Regína sacratíssimi Rosárii, ora pro nobis!

Ave Maria!
Feast of Christ the King
October 27th A.D. 2002

"Thou wouldst have no power at all over Me were it not given thee from above."1

Mass Text - English
Mass Text - Latin
Consecration to the Sacred Heart of Jesus

    These words of Pontius Pilate are found in Saint John's Gospel, in the chapter just following the one read at Mass this morning. Together with a few other things we find in Saint Paul's writings -- particularly in Romans xiii -- this passage suggests rather strongly that the power of government comes from God. In medieval times we used to speak of the "divine right of kings"; but clearly the scriptures mean to say that legitimate government in any form is some how empowered by God. Rome, after all, was at least theoretically a republic, although by the time of Christ we recognize in it many of the signs of a corrupting republic. Nonetheless, our Lord recognized at least the general the legitimacy of Rome's power, as did Saint Paul, even though both would be put to death by that power.

    The questions of how God's power is communicated to government, and just what makes a government "legitimate" have been of interest to philosophers and theologians since the time of Christ. In the first few centuries, Christians had no political power, and simply had to accept Roman rule. Then for about a thousand year period, Christianity became not only legal, but was a dominant force in western politics. A few popes in the middle ages literally exercised the power of making kings. The rise of the nation-states from about the fourteenth century gradually reduced the Church's political power, until it was virtually extinguished in the nineteenth century. But even today, the Church retains a substantial measure of political influence if not power. But the question remains: What made any of these governments legitimate, and how did they derive power from God.

    Perhaps the best answer we have for the question came from Saint Thomas Aquinas just after the time of the great Crusades, when many Catholic soldiers had been exposed, for the first time, to the concept of government without the sanction of the Catholic Church. "How," they asked themselves, "can there be legitimate governments among the Moslem infidels, or any of the other races not in communion with the Pope, and not even recognizing the overall Kingship of Christ?" "And how can infidels, in some cases, even rule over Christian subjects?" "How can human laws" in other words, "be passed with the authority of God?" Saint Thomas answers quite simply, that "all laws, insofar as they partake of right reason, are derived from the eternal law," and therefore are with the authority of the eternal Lawgiver.2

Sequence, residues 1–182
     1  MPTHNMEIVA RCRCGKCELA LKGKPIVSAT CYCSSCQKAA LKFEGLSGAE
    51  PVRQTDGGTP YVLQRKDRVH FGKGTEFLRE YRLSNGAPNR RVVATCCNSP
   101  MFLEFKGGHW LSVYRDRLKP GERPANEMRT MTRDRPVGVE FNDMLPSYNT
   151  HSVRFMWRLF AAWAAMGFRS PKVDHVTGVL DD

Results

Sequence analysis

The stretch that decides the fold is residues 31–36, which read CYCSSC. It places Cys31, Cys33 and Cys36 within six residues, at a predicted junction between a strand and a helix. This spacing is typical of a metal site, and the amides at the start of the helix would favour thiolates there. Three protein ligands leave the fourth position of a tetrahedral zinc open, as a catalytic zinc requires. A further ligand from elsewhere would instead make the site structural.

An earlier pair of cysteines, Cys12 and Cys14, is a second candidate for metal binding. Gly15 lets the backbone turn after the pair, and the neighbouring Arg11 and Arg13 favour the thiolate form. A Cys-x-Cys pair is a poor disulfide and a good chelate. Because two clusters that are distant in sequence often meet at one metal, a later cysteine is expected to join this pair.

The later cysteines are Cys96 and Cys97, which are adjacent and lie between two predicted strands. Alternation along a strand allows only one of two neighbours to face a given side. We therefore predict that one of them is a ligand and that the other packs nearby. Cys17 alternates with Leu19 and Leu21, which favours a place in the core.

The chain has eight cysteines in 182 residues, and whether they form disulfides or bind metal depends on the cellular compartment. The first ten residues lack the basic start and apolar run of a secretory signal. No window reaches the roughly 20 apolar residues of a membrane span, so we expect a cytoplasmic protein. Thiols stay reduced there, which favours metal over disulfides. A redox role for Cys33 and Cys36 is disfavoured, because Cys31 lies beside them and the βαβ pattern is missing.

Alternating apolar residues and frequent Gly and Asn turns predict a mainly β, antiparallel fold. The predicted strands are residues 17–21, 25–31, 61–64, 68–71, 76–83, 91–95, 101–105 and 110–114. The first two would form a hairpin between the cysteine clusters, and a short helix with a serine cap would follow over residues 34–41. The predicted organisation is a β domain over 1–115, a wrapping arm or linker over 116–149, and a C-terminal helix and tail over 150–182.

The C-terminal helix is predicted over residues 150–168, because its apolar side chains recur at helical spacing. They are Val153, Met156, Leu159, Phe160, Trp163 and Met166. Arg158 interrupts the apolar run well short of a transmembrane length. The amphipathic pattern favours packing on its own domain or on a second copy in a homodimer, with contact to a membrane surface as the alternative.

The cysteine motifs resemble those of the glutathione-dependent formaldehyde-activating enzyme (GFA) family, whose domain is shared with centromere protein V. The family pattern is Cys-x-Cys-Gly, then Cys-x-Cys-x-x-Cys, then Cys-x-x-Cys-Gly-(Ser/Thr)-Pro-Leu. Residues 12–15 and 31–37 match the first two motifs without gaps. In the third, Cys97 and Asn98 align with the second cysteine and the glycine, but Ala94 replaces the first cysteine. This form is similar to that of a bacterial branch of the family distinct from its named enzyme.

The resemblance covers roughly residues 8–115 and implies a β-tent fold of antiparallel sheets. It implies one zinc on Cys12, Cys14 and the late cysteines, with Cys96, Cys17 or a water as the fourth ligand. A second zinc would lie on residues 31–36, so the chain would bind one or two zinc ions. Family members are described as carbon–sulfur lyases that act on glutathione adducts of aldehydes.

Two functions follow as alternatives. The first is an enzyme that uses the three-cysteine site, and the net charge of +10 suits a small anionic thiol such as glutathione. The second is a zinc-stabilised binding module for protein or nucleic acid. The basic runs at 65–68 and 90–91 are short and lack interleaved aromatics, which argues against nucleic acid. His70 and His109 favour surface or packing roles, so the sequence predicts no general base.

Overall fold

Aquinas, you see, was basing his argument on the natural reasoning powers of man. Man is capable of knowing that there is a God, even without being told so by God in divine revelation. And likewise, man is capable of knowing right from wrong. and truth from error; and capable of acting on that natural knowledge of the divine law, even without it being given to him as commandments etched in tablets of stone. Even in the most rudimentary civilizations, people can figure it out that God's world works so much better if they refrain from killing and beating and stealing and lying and cheating on one another. Even primitives recognize that there is a higher Power who must be respected and even worshipped, and whose Holy Will must guide their behavior.

    Of course, man in this "state of nature" doesn't always get God's Will completely right -- and doesn't quite know how to worship his Creator -- sometimes he makes downright bad things part of his     culture. He is often particularly bad to those outside of his own society. That, of course, is why God chose to reveal Himself, to reveal His worship, and His divine positive law -- first through Moses and the prophets,, and then finally through Jesus Christ. With that knowledge, well intentioned man will not be lead through error to make tragic mistakes.

    It goes without saying that we have seen our share of tragic mistakes; both in antiquity, before God chose to make Himself known; and even after His Incarnation, when all men should have know better.

    Yet, we must give credit to God for the fact that mankind has done surprisingly well over the centuries. For the most part, in societies where people have been concerned with making creation work according to plan, and where they have understood the need to control base desires like greed and lust and craving for power, mankind has put together reasonably just societies that come close to fitting Saint Thomas' definition of "right reason" approximating "the eternal law." They didn't always get the eternal law exactly right, but the fact that all of us know names like Socrates, and Confucius, and the Buddha, suggests that our heritage includes some well meaning pagans who tried very hard (and were relatively successful) at knowing the eternal law -- even if they were a bit mistaken about the identity of the Eternal Lawgiver.